FDA Developing Electronic Portal for NDI Notifications

FDA estimated the collection of information will affect 55 supplement distributors and manufacturers annually, requiring no more than 20 hours of work to meet the premarket notification requirement.

WASHINGTON—FDA is developing an electronic portal through which firms can notify the agency that they are introducing a new dietary ingredient (NDI) into a product. In a Federal Register notice, FDA said firms will still have the option to submit an NDI notification or so-called NDIN in a paper format.

FDA contemplates that dietary supplement firms will submit two forms, including a supplemental form that will describe the history of use or other evidence of safety establishing that the NDI is reasonably expected to be safe. Under Section 413(a) of the Federal Food, Drug, and Cosmetic Act, 75 days before the introduction into interstate commerce of an NDI into a dietary supplement, a distributor or manufacturer must notify FDA and provide the safety information previously mentioned.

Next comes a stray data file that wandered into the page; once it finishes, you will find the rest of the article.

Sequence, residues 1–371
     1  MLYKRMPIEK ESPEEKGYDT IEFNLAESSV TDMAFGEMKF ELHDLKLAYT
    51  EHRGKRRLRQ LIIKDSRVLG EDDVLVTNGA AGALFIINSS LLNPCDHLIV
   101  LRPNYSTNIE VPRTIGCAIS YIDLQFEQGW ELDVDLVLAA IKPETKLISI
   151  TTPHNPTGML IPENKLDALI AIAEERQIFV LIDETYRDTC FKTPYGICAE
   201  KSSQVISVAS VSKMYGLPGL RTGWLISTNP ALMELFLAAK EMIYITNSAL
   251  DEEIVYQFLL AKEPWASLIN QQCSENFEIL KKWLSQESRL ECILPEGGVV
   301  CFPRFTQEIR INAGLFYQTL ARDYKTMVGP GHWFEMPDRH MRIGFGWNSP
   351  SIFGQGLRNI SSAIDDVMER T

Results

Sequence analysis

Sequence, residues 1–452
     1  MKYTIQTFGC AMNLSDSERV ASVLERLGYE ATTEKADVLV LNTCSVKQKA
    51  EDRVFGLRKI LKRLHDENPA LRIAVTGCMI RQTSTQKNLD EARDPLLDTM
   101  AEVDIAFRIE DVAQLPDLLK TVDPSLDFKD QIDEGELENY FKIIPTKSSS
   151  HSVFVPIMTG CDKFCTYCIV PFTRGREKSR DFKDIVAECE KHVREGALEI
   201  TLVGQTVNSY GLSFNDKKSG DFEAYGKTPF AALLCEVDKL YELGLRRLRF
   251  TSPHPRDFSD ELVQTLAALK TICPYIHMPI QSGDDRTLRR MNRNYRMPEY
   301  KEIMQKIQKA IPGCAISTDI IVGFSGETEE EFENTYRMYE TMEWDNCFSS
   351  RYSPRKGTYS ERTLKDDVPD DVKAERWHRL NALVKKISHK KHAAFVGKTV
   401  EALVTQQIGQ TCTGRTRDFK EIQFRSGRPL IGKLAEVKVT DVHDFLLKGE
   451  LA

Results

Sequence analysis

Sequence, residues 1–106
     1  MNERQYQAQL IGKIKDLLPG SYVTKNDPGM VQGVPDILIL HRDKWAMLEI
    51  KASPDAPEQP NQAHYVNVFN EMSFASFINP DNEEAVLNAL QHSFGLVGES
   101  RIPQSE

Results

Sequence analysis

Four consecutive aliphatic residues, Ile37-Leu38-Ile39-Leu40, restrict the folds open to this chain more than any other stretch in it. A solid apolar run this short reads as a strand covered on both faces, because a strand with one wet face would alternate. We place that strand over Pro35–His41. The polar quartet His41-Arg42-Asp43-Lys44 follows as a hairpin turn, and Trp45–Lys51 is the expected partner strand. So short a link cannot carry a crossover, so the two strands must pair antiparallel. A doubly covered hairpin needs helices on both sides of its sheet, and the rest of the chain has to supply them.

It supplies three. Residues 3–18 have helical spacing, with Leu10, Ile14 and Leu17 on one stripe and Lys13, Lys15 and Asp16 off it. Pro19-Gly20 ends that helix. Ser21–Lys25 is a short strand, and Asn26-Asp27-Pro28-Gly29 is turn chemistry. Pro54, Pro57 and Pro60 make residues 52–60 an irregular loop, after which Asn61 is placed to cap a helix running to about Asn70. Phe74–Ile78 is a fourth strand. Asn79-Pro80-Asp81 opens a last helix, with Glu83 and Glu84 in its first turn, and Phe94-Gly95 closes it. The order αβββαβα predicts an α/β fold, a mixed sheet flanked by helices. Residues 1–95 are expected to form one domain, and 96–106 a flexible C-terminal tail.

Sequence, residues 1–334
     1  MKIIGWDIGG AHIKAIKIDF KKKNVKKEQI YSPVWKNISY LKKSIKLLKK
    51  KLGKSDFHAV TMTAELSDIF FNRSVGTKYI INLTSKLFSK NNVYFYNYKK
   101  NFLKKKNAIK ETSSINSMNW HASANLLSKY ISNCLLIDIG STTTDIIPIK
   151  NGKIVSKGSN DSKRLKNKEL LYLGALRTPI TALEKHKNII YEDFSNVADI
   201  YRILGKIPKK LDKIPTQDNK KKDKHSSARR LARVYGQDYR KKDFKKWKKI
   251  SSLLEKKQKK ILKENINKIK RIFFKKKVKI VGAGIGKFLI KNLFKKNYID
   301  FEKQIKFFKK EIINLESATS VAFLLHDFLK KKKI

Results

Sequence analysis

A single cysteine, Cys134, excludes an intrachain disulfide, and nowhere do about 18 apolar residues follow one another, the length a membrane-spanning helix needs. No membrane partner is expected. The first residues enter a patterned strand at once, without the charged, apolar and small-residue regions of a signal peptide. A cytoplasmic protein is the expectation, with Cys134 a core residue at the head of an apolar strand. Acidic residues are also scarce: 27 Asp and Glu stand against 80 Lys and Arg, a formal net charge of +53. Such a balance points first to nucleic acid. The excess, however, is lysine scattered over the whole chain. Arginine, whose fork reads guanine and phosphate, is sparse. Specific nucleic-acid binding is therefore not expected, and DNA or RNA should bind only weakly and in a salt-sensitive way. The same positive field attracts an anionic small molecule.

FDA estimated the collection of information will affect 55 supplement distributors and manufacturers annually, requiring no more than 20 hours of work per response to meet the premarket notification requirement. FDA based its estimate of the number of respondents on notifications that it received over the past 3 years.

“FDA believes that the burden of the premarket notification requirement on industry is limited and reasonable because FDA is requesting only safety and identity information that the manufacturer or distributor should already have developed to satisfy itself that a dietary supplement containing a new dietary ingredient is in compliance with the FD&C Act," the agency stated in the notice.

For 60 days, FDA is seeking comment on the following topics:

(1) Whether the proposed collection of information is necessary for the proper performance of FDA's functions, including whether the information will have practical utility;

(2) the accuracy of FDA's estimate of the burden of the proposed collection of information, including the validity of the methodology and assumptions used;

(3) ways to enhance the quality, utility, and clarity of the information to be collected; and

(4) ways to minimize the burden of the collection of information on respondents, including through the use of automated collection techniques, when appropriate, and other forms of information technology.

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